Turner goes into a discussion about groups of people that emulate the poor, and it is for self-purification that this is done, as the poor are given special status among societies. Linked to this are vows of giving up materialism by religious leaders. Religious leaders are more pure by not being befouled by material possessions, and therefore have a right to lead and represent other men because of their selflessness. “…Simpler societies seem to feel that only a person temporarily without status, property, or office is fit to receive the tribal gnosis or occult wisdom which is in effect knowledge of what tribespeople regard as the deep structure of culture and indeed of the universe” (98).

Question: Turner is concerned with religious symbolism. The next chapter (9) separates the study of religion from the study of politics through definition. Are religion and politics to be thought of only as intertwined in study? Can they be separated? I am all for separation, but does that allow me to separate where there is no separation?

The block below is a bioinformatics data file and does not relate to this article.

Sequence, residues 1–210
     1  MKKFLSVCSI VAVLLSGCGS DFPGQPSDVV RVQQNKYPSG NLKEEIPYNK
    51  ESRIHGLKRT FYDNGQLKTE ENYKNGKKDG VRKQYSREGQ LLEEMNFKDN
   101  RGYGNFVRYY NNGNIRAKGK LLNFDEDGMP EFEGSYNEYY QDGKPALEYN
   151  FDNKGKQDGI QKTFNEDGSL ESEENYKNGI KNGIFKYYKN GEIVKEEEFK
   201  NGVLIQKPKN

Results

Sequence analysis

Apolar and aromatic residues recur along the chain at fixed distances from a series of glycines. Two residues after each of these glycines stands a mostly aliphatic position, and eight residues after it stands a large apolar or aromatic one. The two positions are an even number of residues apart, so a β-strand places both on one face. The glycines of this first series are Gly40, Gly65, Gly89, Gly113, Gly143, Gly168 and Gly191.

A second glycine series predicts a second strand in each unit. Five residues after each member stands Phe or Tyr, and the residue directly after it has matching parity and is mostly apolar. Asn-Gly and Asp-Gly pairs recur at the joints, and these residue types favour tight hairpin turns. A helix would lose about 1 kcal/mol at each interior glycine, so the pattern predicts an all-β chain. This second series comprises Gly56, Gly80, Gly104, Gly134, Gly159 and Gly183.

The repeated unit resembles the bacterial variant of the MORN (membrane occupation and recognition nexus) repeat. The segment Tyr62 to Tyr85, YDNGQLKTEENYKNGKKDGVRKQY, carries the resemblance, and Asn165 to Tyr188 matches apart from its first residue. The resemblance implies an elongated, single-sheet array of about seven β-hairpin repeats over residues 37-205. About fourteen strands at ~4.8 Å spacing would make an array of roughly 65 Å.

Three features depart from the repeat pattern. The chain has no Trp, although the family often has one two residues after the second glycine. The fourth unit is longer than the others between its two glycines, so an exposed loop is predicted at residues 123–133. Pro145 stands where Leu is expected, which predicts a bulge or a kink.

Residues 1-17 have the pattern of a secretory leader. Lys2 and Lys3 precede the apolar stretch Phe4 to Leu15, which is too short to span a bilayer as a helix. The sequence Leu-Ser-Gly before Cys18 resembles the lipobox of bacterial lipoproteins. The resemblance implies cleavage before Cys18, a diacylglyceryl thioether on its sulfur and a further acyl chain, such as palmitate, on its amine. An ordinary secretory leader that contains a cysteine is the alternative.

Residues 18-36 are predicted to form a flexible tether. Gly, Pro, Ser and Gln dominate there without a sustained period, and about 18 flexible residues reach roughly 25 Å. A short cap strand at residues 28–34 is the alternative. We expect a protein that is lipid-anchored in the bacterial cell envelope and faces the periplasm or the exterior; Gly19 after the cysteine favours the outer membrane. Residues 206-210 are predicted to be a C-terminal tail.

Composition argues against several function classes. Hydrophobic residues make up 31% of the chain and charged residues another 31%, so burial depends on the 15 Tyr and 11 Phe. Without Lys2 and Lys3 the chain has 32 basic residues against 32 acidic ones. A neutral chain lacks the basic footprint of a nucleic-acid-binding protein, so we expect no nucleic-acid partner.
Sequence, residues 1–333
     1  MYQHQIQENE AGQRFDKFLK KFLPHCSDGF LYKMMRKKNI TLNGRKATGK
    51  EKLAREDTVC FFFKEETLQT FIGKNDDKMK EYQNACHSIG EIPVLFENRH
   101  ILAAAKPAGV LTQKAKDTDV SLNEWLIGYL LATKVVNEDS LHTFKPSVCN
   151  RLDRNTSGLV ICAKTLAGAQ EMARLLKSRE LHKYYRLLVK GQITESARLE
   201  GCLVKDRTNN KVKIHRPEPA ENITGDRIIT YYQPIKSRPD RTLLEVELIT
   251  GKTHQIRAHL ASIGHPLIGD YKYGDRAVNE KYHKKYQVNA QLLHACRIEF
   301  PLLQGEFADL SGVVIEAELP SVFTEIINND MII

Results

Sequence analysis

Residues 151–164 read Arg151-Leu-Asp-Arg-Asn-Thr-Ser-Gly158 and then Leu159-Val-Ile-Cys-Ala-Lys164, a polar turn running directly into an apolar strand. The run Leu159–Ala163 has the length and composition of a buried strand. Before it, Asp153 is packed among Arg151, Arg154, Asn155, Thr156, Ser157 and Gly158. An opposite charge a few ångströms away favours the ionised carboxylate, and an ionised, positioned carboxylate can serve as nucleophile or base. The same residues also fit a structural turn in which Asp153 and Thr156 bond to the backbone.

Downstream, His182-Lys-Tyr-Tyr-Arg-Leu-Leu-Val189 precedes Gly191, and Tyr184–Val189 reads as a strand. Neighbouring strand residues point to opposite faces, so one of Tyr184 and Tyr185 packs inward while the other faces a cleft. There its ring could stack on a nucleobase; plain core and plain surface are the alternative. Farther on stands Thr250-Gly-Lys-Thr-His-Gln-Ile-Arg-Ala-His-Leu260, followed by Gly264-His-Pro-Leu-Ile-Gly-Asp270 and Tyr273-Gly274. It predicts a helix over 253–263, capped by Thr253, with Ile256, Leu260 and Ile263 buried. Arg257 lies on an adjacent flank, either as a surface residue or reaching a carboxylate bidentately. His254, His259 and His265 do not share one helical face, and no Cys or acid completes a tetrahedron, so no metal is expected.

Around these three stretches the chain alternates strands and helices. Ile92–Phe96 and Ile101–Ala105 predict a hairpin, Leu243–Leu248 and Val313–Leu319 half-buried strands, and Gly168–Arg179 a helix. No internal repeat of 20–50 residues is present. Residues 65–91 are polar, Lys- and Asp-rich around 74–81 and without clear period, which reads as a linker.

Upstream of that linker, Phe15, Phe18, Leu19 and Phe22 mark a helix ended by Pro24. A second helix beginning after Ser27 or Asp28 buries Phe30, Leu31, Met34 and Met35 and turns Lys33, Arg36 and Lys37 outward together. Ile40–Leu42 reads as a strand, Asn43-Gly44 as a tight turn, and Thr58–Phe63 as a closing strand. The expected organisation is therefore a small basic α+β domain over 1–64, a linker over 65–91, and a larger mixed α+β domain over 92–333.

Question: Is Turner saying that one of the ways that supposedly weaker members of society are actually powerful is by remaining outside of the structure or refusing to recognize the political structural element of the society in essence keeping themselves in a free and therefore more powerful state?

Ch 9 Political Anthropology by Marc J. Swartz, Victor W. Turner, and Arthur Tuden